I’m doing ‘microdoses’. The intent is to get a modest effect from the minimal material. Yeah, a bit alien compared to what most folks do. Basically, it takes about 1 to 2 bottles of wine to be “still”. I can get to the same point on about 1/3 bottle with Benadryl. The amitriptyline dose is a very small one and seems to have the same effect. On my “to do” list is check the list of all things it does. It is also a contact anesthetic (like benadryl, under the tongue makes numb…) but of longer persistence. In addition to use for migrains, it is used for kids with ADHD. It’s the ADHD part that interests me…

    Basically, I’m doing an ‘on label’ use, but deliberately exploiting an interaction for the express purpose of reducing the dose level as much as possible. ( I hope to eventually reach some set of things such that a glass of wine with dinner – of things like high Omega-3 level that reduces inflammation effects – could result in being more ‘still’ for a while…)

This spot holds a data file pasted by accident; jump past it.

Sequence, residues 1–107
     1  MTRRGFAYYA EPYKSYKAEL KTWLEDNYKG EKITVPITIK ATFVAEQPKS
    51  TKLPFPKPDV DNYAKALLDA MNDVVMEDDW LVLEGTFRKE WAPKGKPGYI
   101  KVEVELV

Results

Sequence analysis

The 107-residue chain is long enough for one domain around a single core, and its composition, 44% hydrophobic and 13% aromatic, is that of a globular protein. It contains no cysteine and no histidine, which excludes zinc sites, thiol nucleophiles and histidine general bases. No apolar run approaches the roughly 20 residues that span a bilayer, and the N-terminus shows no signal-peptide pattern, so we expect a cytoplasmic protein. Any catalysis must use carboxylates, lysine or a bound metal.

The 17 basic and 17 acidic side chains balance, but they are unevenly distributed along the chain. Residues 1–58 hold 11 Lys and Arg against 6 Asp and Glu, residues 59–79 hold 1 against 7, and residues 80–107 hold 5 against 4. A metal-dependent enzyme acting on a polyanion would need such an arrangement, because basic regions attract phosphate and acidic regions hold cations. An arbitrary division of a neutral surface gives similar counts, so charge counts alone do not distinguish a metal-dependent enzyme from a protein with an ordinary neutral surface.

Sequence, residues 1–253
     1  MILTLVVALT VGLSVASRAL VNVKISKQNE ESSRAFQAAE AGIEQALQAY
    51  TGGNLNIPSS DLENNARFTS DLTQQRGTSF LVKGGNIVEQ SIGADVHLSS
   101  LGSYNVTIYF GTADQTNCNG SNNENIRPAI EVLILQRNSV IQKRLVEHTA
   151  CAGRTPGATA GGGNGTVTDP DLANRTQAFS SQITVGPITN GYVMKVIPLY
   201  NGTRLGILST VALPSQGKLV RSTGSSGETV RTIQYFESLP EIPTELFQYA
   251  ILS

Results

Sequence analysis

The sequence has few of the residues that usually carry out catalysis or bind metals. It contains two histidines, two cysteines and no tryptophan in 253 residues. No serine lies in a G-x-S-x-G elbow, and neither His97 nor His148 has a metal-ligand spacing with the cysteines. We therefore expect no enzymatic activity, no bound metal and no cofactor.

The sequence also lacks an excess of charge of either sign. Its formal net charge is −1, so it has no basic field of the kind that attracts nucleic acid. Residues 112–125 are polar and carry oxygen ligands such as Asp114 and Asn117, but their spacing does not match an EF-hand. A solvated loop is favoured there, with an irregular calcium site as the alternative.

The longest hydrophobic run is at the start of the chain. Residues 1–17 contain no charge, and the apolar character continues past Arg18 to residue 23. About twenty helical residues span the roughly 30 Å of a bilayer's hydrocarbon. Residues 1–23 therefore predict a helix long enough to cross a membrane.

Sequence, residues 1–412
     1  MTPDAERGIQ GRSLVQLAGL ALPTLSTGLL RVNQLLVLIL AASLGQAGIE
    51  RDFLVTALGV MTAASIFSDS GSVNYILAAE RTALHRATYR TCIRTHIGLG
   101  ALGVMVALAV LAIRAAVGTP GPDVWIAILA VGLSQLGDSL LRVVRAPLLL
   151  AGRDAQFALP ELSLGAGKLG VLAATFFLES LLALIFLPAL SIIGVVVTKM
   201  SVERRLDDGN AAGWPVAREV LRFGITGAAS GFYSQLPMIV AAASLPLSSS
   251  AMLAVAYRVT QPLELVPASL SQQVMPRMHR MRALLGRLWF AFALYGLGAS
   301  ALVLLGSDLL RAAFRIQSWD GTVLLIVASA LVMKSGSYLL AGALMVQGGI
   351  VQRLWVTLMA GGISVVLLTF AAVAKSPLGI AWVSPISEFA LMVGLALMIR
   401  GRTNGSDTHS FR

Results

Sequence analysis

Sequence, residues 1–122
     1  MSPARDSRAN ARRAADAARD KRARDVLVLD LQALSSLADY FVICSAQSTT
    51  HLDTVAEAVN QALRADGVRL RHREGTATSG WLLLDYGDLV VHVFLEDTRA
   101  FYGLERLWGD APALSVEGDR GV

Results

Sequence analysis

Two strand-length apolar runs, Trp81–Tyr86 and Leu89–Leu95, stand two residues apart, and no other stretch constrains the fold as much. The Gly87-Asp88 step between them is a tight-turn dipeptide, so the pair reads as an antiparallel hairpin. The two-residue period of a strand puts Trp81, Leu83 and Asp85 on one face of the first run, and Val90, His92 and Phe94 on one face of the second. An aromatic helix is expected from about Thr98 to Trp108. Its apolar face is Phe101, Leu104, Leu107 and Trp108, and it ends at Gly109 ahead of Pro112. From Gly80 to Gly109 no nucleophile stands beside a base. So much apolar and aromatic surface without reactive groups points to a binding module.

Why? Well, because drinking a whole bottle of wine is not so good for the liver… and I’m unwilling to “go there” very often for just that reason. I generally lean toward a behaviour of zero drugs (even being resistant to taking Tylenol due to the rate of liver failure from it and Aspirin due to the rate of stomach bleeds). I’m a strong “minimalist”.

    Well, some years ago a friend and I sat down to a keg of Harp Beer. Expecting my usual “many mugs” and watching others “go down” I had a couple of mugs. I then proceeded to go take a nap… That was when I learned that the warning on Allerest “May cause drowsiness. Alcohol may intensify this effect” worked the other direction too. A bit of Allerest mixed with beer and I was “drunk under the table” before most anyone else… Which started me on the notion of finding a ‘minimal mix’ to get the ‘desired effect’ of “Awake but still”. Which lead to ‘trying different things’.